Recently, two independent studies revealed that mammalian target of rapamycin complex 1 (mTORC1), which specifically controls ET efficiency by phosphorylating eIF4E-BP (63), can modulate the efficiency of NMD (64, 65). One study demonstrated that insulin treatment increased the interaction between UPF1 and eIF4E-bound PTC-containing mRNAs and augmented eIF4E-associated NMD, which was blocked by treatment with rapamycin (a selective inhibitor of mTORC1) (65). On the other hand, another study reported that rapamycin treatment promoted the NMD of a subset of mRNAs, probably by blocking the replacement of CBC by eIF4E (64). Therefore, it would be interesting to determine whether there are CT-specific or ET-specific NMD substrates depending on cellular conditions.

REPLICATION-DEPENDENT HISTONE mRNAs ARE LARGELY TRANSLATED VIA CT

Histone genes are essential as structural and functional units for packaging genomic DNA into chromatin to sustain genomic integrity and for regulating transcriptional activity, respectively (66, 67). In particular, the expression of replication-dependent histone (RDH) genes is tightly controlled during the cell cycle. Upon entry into the S phase, the levels of RDH mRNAs increase by approximately 35-fold at the transcriptional level (68). Newly synthesized RDH transcripts are processed into mature RDH mRNAs with the aid of (i) U7 small nuclear ribonucleoprotein (U7 snRNP), which interacts with histone downstream element (HDE), (ii) stem-loop binding protein (SLBP), which directly binds to the histone stem-loop (HSL) located in the 3′UTR, and (iii) a 3′-end cleavage complex containing cleavage and polyadenylation specificity factor subunit 73 (CPSF73), CPSF100, and symplekin (69, 70). The site between the HSL (recognized by SLBP) and the HDE (base-paired with U7 snRNA) is cleaved by CPSF73 and further trimmed by ERI1, a 3′-to-5′ exonuclease. The resulting RDH mRNAs, which have a HSL instead of a poly(A) tail, are exported from the nucleus to the cytoplasm for translation. On the other hand, at the end of S phase or under genotoxic stresses, actively translating RDH mRNAs are rapidly degraded via hyperphosphorylation of UPF1, which recruits various mRNA degradation factors to RDH mRNAs (7072).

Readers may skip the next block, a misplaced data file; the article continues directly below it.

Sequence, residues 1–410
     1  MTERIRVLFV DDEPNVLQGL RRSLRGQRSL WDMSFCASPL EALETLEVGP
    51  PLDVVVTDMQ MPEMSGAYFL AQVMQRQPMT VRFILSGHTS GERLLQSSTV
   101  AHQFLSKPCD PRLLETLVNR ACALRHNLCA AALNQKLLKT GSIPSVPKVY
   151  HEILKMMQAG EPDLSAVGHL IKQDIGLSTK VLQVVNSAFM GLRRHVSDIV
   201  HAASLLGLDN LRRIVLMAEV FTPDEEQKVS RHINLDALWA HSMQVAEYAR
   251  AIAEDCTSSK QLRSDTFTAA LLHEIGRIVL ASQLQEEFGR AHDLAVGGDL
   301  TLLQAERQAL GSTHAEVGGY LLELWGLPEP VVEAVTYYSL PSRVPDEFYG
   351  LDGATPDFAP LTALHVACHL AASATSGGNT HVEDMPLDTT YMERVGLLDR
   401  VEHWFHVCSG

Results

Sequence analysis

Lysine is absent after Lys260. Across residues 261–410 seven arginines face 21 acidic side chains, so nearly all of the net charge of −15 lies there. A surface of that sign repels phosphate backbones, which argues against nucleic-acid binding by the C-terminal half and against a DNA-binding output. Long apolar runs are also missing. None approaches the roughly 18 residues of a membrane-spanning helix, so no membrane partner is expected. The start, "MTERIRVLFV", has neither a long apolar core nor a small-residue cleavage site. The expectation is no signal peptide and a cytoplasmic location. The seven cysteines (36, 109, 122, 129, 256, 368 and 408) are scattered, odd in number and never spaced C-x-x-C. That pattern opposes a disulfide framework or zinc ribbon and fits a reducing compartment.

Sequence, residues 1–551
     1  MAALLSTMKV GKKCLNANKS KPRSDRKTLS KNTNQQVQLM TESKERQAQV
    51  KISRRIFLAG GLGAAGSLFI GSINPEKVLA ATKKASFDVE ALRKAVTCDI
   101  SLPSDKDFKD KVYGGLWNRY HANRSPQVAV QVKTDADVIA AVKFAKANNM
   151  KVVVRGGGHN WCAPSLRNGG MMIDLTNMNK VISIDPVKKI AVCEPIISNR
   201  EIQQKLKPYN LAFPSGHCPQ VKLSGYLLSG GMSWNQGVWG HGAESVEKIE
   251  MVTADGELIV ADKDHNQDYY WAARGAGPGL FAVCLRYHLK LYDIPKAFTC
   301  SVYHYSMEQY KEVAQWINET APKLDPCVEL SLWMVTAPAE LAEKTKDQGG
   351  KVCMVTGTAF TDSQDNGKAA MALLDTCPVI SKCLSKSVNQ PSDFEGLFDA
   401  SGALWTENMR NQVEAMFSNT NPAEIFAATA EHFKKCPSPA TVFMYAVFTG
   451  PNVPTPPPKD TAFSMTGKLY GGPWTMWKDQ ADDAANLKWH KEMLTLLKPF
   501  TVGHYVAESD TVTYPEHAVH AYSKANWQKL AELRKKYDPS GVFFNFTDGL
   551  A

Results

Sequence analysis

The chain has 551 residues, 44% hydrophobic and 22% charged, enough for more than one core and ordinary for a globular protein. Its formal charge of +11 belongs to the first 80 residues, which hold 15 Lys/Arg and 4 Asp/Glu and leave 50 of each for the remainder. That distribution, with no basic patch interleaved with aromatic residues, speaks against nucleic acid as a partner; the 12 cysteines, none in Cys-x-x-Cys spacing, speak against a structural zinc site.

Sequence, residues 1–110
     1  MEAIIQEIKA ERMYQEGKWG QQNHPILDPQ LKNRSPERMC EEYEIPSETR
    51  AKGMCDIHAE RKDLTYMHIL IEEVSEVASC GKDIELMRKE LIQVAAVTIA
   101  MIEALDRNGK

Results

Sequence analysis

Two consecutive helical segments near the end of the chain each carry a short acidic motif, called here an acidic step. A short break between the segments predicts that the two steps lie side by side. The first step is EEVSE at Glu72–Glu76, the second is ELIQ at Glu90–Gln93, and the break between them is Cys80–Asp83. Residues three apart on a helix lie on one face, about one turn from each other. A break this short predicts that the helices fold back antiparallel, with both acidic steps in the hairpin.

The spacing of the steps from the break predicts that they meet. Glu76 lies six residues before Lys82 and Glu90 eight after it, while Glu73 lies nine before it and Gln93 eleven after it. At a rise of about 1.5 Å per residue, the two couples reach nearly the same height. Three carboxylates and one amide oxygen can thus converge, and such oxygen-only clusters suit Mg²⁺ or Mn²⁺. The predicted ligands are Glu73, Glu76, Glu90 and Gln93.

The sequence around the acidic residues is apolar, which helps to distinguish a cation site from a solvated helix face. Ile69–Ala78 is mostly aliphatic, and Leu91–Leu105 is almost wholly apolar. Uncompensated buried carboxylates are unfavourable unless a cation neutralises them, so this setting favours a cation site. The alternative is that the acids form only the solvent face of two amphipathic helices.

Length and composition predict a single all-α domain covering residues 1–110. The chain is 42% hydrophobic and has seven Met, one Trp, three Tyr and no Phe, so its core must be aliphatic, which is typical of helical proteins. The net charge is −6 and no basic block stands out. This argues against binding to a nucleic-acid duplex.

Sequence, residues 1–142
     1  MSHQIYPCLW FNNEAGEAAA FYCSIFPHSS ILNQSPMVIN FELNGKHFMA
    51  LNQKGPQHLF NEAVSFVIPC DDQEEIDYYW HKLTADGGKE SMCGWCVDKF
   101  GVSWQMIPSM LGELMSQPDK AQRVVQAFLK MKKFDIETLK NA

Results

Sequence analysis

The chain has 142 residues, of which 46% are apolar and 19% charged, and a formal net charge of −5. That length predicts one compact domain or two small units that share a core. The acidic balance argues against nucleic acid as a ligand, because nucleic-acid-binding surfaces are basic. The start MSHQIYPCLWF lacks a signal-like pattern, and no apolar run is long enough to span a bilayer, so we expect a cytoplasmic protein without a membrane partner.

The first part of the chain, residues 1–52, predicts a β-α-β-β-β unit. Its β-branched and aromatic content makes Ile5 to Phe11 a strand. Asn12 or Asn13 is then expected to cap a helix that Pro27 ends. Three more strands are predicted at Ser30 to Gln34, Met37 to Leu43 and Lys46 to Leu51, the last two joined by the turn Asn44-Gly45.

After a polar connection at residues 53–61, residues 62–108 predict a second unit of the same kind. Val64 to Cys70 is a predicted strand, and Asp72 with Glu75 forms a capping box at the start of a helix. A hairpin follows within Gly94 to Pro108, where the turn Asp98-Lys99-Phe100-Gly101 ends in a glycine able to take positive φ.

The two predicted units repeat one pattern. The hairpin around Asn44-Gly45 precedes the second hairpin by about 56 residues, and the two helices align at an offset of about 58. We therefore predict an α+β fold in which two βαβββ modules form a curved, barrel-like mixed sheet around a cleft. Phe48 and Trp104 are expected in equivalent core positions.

RDH mRNAs are unique in their structure because they lack a poly(A) tail but instead have a conserved HSL at their 3′UTR. In the case of canonical mRNAs, the interaction between PABPC1 and eIF4G triggers mRNA circularization for efficient translation. Similarly, the circularization of RDH mRNAs has been proposed to be mediated by an indirect interaction between SLBP and eIF4G via SLBP-interacting protein 1 (SLIP1), suggesting a possible role of ET in the translation of RDH mRNAs (73). However, this view was recently challenged by two reports demonstrating that the degradation of RDH mRNAs largely occurs on CBC-bound RDH mRNAs (32, 74). Considering that (i) RDH mRNA degradation requires translation (75, 76) and (ii) SLIP1-mediated RDH mRNA circularization increases the ET of RDH mRNAs (73), the eIF4E-bound RDH mRNPs are expected to be subject to rapid decay. In contrast, the authors found that a majority of RDH mRNA degradation occurs on CBC-bound RDH mRNAs depending on the direct association between CTIF and SLBP (74). Downregulation of a CT-specific factor, either CTIF or eIF4A3, was found to increase the abundance of RDH mRNAs. Furthermore, overexpression of eIF4E-BP1 or eIF4E-T did not affect the levels of RDH mRNAs. These observations support that the majority of RDH mRNAs are translated via CT instead of ET. Although the two studies described above have conflicting results, the findings indicated that at least a subset of mRNAs (e.g. RDH mRNAs) may preferentially use CT instead of ET for protein synthesis and mRNA degradation.

DIFFERENTIAL REGULATION OF CT AND ET UNDER STRESS CONDITIONS

Eukaryotic cap-dependent translation is regulated at various steps under certain conditions such as oxidative stress, hypoxia, viral infection, apoptosis, nutrient starvation, differentiation, and development (77, 78). Under stress conditions, two main factors involved in translation initiation are post-translationally regulated: phosphorylation of eIF2α (Fig. 2) and eIF4E-BP (Fig. 3). GTP-bound eIF2 associates with the initiator tRNA (14). After establishment of the 48S PIC onto the start codon, eIF5 stimulates the conversion of eIF2-GTP to eIF2-GDP, which is released from the ribosome after the joining of the 60S ribosome (3840). The released eIF2-GDP binds to eIF2B, which is an eIF2-specific guanosine exchange factor (GEF), and is converted to eIF2-GTP for recycling (14). However, under stress conditions, several eIF2-specific kinases are activated and phosphorylate Ser51 in eIF2α, which include PERK (ER stress), PKR (double-stranded RNA upon viral infection), HRI (heme deficiency), and GCN2 (amino acid starvation) (14, 7779). The phosphorylated eIF2 complex sequesters eIF2B, leading to a decrease in the amount of available eIF2-GTP and shutdown of translation. Therefore, both CT and ET can be blocked by eIF2α phosphorylation as both types of translation require a functionally active eIF2 complex (Fig. 2).